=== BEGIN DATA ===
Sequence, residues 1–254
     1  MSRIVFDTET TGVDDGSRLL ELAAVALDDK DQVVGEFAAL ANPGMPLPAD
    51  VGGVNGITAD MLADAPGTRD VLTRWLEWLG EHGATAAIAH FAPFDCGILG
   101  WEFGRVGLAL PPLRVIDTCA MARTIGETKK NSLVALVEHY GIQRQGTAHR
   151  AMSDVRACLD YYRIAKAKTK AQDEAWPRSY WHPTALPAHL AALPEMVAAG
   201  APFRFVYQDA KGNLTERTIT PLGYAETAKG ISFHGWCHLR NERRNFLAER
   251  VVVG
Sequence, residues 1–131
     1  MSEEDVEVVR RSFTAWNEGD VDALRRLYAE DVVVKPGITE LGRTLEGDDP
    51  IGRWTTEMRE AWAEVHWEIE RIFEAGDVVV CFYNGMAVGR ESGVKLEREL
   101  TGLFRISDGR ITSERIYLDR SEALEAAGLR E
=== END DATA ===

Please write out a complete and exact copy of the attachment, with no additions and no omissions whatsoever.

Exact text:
Sequence, residues 1–254
     1  MSRIVFDTET TGVDDGSRLL ELAAVALDDK DQVVGEFAAL ANPGMPLPAD
    51  VGGVNGITAD MLADAPGTRD VLTRWLEWLG EHGATAAIAH FAPFDCGILG
   101  WEFGRVGLAL PPLRVIDTCA MARTIGETKK NSLVALVEHY GIQRQGTAHR
   151  AMSDVRACLD YYRIAKAKTK AQDEAWPRSY WHPTALPAHL AALPEMVAAG
   201  APFRFVYQDA KGNLTERTIT PLGYAETAKG ISFHGWCHLR NERRNFLAER
   251  VVVG
Sequence, residues 1–131
     1  MSEEDVEVVR RSFTAWNEGD VDALRRLYAE DVVVKPGITE LGRTLEGDDP
    51  IGRWTTEMRE AWAEVHWEIE RIFEAGDVVV CFYNGMAVGR ESGVKLEREL
   101  TGLFRISDGR ITSERIYLDR SEALEAAGLR E